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Recognition of host Clr-b by the inhibitory NKR-P1B receptor provides a basis for missing-self recognition.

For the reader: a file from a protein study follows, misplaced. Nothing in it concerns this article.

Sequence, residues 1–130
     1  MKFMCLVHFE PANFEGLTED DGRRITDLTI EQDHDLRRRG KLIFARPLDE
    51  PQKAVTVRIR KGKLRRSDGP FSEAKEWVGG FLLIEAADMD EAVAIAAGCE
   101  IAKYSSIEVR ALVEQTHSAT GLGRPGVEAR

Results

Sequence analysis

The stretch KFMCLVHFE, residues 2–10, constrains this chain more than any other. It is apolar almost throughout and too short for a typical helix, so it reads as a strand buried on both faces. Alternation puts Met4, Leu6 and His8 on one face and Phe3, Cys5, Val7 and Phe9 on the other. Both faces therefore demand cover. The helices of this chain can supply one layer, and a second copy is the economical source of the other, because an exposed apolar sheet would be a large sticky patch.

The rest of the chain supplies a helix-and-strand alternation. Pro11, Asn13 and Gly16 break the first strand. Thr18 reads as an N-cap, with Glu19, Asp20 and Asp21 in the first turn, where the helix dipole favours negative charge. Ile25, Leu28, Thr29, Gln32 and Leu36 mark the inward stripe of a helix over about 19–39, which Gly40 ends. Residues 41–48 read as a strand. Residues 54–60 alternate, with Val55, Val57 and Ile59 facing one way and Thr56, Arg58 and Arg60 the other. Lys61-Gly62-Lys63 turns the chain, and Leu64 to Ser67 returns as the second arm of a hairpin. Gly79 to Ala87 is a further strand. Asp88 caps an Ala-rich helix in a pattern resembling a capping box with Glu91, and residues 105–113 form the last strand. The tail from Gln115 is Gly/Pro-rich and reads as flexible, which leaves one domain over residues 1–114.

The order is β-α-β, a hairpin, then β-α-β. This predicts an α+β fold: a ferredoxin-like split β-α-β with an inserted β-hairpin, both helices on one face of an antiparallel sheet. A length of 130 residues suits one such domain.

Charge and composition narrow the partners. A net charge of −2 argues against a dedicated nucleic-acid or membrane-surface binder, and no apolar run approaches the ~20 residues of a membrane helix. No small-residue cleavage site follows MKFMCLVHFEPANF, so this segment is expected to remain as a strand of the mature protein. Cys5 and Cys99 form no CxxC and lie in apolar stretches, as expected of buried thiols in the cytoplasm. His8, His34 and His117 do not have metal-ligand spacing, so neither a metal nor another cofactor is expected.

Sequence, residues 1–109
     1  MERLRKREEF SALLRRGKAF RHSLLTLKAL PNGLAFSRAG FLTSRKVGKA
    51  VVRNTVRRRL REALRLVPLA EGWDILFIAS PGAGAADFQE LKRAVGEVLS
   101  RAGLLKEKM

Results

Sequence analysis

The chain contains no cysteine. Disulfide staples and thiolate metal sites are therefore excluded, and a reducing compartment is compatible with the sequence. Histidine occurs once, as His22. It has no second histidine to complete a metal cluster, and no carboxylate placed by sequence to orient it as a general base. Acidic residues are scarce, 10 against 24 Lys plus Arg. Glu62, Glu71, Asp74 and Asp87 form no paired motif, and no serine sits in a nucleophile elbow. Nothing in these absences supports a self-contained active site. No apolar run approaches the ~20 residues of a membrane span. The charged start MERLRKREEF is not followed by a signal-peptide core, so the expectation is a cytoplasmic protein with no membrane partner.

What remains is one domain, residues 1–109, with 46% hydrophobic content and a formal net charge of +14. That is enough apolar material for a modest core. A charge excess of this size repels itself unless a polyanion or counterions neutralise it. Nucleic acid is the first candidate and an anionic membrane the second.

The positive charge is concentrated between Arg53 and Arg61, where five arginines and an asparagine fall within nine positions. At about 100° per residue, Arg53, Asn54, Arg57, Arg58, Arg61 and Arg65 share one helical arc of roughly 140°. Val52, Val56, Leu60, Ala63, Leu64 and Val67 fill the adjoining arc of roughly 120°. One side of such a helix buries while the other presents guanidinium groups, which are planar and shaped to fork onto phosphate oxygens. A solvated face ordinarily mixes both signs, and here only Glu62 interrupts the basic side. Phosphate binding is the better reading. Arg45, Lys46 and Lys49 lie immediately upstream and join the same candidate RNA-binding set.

The interaction between natural killer (NK) cell inhibitory receptors and their cognate ligands constitutes a key mechanism by which healthy tissues are protected from NK cell-mediated lysis. However, self-ligand recognition remains poorly understood within the prototypical NKR-P1 receptor family. Here we report the structure of the inhibitory NKR-P1B receptor bound to its cognate host ligand, Clr-b. NKR-P1B and Clr-b interact via a head-to-head docking mode through an interface that includes a large array of polar interactions. NKR-P1B:Clr-b recognition is extremely sensitive to mutations at the heterodimeric interface, with most mutations severely impacting both Clr-b binding and NKR-P1B receptor function to implicate a low affinity interaction. Within the structure, two NKR-P1B:Clr-b complexes are cross-linked by a non-classic NKR-P1B homodimer, and the disruption of homodimer formation abrogates Clr-b recognition. These data provide an insight into a fundamental missing-self recognition system and suggest an avidity-based mechanism underpins NKR-P1B receptor function.

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